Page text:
Tuesday, February 15, 2011
Friday, April 03, 2009
No one elected these "class representatives" to represent America's tens of thousands of authors and publishers to convey their digital rights to Google. Nor are the interests of this so-called class identical. There is nothing more individual in the world than a book, an author, a publisher, and the value of a contract. The aging baby boomers now flacking the settlement don't seem to understand that PDF scanning (how Google and everyone else digitizes books) isn't rocket science; it's cheap and easy. Books will be digitized without Google. But the Google settlement sets in amber today's overhyped role of the Internet, ruled by that great and magnificent Oz -- Google.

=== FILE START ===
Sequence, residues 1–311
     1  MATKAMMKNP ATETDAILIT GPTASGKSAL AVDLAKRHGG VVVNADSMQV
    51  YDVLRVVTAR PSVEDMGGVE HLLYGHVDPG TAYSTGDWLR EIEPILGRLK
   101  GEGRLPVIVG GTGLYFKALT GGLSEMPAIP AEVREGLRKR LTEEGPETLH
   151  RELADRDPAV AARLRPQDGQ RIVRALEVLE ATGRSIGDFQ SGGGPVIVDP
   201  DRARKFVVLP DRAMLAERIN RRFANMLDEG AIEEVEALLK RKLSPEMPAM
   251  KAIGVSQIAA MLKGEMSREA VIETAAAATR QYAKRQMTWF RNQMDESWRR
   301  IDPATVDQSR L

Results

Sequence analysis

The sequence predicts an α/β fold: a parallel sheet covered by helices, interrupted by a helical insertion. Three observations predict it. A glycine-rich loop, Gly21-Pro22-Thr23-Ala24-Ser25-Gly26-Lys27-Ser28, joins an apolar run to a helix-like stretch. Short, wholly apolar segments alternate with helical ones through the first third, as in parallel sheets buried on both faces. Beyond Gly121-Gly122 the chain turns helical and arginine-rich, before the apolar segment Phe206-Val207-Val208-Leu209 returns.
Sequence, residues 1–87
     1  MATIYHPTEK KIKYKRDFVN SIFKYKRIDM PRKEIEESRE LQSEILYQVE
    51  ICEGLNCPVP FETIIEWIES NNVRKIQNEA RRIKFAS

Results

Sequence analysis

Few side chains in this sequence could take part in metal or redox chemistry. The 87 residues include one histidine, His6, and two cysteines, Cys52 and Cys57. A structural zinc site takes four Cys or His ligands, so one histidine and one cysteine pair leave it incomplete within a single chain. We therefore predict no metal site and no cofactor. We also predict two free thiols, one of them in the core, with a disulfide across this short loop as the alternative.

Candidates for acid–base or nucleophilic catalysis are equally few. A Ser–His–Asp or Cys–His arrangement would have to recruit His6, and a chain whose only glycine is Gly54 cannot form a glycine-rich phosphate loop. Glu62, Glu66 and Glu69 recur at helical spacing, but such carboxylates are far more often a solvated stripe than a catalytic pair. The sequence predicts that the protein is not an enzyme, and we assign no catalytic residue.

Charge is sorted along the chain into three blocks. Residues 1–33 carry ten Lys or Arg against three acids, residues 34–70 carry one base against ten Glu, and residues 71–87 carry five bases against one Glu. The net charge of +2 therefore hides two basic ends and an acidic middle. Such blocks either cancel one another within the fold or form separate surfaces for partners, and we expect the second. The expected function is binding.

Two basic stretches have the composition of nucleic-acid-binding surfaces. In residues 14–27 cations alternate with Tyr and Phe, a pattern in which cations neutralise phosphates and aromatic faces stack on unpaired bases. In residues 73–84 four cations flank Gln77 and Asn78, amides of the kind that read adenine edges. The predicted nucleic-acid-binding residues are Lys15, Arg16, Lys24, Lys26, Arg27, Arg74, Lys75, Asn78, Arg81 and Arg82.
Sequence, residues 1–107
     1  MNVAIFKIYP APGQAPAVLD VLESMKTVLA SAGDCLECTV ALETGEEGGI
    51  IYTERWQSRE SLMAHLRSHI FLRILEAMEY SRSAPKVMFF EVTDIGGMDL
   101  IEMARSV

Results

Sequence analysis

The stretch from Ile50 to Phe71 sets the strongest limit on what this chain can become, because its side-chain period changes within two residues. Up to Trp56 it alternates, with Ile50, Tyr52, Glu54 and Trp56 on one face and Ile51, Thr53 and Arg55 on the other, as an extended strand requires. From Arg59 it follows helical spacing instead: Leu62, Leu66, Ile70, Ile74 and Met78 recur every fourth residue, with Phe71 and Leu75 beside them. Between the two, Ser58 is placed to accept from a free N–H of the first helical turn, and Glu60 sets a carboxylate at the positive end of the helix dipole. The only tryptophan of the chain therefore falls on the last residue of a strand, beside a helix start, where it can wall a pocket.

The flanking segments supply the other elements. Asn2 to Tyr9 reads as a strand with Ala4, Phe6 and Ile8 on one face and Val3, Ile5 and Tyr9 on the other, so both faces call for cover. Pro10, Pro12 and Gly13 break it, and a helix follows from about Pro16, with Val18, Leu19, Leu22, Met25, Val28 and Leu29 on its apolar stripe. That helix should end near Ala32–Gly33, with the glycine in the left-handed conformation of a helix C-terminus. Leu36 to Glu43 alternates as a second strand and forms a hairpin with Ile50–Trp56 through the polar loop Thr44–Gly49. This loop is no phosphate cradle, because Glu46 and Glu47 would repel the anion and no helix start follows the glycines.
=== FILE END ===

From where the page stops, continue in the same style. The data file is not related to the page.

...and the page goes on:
Sound like hyperbole? Consider this: Under the settlement, every rights-owner in America is supposed to hand over all their private contract data, on every edition of every work they ever wrote -- and every excerpt permission ever granted to others -- at the peril of losing the money Google will be making on their backs. This is a massive burden on everyone in the book industry, making us all, in effect, Google's data-entry slaves. Indeed, in most cases such information about every permission ever granted is unlocatable. It opens a Pandora's box of disputes and mistaken claims about who actually owns what.
There are those out there -- The Writers' Union, for one -- who believe we should accept/not opt out of the Google Settlement. Perhaps they are right here. Don't know.